we can still take a few more calculated risks on some of the minor
fouls in the midfield area especially when the game is under control
and the players are responding to your management style and game control
- Offside Decisions – positive: Improvement over week 1. Note
the clip of appropriate flag by the AR.
Clip 11: Columbus vs. NY (31:12): close decision
made even more difficult since the movement is directly in front of
the AR. AR makes right decision to keep flag down. NOTE: AR
position with body square to the field as the ball is played.
- Fourth Official Position: At games were sign boards are present
in front of the team benches and 4th official, the 4th official MUST
position himself on the bench side of the boards as to provide better
access to the teams and substitutions. In cases where the TV camera
protrudes into the 4th official’s area and separates the 4th
official from one team bench or another, effort should be made on the
part of the 4th official to modify his position during the game so
as to not be showing “favoritism” to one bench or another.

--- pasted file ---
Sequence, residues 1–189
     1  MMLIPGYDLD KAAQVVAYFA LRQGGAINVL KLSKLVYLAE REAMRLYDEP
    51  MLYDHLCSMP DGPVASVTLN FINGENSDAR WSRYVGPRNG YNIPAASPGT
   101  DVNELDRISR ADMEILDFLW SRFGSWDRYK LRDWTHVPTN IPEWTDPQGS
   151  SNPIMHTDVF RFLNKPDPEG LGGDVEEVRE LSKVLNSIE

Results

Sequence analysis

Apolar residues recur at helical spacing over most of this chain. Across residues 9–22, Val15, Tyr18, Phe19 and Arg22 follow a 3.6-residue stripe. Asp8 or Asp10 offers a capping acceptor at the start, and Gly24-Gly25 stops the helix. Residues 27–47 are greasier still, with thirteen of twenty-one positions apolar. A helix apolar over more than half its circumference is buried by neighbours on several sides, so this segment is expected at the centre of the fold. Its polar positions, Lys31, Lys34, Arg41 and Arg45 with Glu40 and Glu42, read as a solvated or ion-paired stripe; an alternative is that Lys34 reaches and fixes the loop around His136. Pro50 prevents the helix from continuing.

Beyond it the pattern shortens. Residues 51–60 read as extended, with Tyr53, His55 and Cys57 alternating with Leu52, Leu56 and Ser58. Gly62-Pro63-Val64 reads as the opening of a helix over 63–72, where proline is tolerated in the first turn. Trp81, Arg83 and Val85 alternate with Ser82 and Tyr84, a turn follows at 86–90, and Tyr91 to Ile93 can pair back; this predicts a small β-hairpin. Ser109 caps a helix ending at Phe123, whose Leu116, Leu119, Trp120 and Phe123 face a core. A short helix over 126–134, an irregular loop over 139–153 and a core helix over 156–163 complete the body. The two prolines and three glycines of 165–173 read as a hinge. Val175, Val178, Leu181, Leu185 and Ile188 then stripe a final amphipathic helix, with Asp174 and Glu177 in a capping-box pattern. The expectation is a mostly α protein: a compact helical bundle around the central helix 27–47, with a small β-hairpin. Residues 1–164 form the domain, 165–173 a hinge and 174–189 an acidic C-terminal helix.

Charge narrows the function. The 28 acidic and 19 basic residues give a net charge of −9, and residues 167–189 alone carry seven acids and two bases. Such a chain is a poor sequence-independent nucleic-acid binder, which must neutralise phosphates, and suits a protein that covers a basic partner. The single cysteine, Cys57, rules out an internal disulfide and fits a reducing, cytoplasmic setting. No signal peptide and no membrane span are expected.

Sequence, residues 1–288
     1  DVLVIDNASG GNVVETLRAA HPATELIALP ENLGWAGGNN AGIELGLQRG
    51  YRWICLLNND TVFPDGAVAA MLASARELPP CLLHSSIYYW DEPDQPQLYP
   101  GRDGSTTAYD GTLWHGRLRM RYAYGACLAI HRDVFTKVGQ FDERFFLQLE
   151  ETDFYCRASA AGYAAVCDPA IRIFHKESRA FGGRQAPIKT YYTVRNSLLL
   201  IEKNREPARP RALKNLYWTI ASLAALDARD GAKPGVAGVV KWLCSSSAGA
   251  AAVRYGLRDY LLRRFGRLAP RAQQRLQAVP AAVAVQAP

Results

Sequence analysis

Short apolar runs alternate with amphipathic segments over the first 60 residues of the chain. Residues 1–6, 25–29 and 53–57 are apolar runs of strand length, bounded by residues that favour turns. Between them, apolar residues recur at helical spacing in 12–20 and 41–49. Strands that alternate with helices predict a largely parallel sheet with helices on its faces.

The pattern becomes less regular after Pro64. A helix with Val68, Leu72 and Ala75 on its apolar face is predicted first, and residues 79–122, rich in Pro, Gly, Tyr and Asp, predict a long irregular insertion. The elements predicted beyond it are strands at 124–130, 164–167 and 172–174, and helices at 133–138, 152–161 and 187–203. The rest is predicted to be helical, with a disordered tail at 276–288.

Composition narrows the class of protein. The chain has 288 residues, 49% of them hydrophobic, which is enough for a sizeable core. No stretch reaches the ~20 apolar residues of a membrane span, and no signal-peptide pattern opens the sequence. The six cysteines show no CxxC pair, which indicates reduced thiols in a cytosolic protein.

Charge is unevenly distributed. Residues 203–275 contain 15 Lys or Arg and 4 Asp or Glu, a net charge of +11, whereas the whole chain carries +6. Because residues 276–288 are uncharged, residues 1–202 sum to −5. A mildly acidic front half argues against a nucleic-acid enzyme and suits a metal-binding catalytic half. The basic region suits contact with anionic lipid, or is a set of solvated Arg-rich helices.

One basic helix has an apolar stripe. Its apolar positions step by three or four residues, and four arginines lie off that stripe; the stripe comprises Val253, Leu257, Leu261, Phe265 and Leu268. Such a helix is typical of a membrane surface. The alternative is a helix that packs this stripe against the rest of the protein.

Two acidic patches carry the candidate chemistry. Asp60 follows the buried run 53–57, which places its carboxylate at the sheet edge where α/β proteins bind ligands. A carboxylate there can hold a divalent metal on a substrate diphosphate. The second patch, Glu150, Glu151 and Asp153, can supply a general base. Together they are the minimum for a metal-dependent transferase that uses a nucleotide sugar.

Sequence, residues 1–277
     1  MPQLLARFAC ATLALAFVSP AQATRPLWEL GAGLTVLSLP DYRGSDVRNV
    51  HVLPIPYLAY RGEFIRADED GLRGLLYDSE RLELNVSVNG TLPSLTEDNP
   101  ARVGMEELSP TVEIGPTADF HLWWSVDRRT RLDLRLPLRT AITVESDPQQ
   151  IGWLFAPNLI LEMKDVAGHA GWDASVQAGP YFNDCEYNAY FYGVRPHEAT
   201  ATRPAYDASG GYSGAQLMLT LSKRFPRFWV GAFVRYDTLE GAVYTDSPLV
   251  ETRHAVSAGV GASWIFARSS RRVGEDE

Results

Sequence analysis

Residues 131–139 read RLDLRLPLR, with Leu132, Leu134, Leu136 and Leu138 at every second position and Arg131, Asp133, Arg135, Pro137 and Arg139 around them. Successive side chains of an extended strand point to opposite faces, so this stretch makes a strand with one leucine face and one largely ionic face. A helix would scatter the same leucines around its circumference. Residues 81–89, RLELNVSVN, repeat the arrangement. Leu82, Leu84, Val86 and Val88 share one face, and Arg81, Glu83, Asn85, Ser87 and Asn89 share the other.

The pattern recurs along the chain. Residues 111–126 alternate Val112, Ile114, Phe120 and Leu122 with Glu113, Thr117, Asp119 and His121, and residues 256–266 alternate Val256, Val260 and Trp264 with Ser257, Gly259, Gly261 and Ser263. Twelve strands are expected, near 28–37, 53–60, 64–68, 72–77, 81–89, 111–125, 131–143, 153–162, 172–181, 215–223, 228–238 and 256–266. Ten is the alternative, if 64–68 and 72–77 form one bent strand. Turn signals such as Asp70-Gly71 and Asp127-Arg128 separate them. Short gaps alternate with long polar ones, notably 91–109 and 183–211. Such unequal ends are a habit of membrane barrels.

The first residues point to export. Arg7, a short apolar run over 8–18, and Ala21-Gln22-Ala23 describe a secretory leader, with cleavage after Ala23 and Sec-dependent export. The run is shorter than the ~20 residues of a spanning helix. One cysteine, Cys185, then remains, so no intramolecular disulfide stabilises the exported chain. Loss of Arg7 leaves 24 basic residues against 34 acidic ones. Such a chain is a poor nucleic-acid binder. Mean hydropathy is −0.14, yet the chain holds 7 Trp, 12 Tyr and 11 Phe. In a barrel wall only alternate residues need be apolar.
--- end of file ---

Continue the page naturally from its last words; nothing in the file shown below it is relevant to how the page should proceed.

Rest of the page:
- Red Cards: There were two red cards issued. Both can
survive the scrutiny of review with the notes provided.
- Video Clip
12: New England vs. Chicago (6:05). Although
early in the game, the referee was well positioned to make a determination
that the tackle involved “excessive force” and could have
injured the player. Of note is that the referee also cautioned
#21 for dissent and showing disrespect to the referee (review MLS email
Clip 13: Columbus vs. NY (80:45). The decision
on the part of the referee was to issue a second caution; however,
the National Referee Office prefers a straight red card for serious
foul play. The tackle is from the front, over the top, and the speed
and distance of the tackle make the likelihood of playing the ball
- Kansas City – field alignment and impact on AR: The following
is received by one of the ARs working the game at the new field in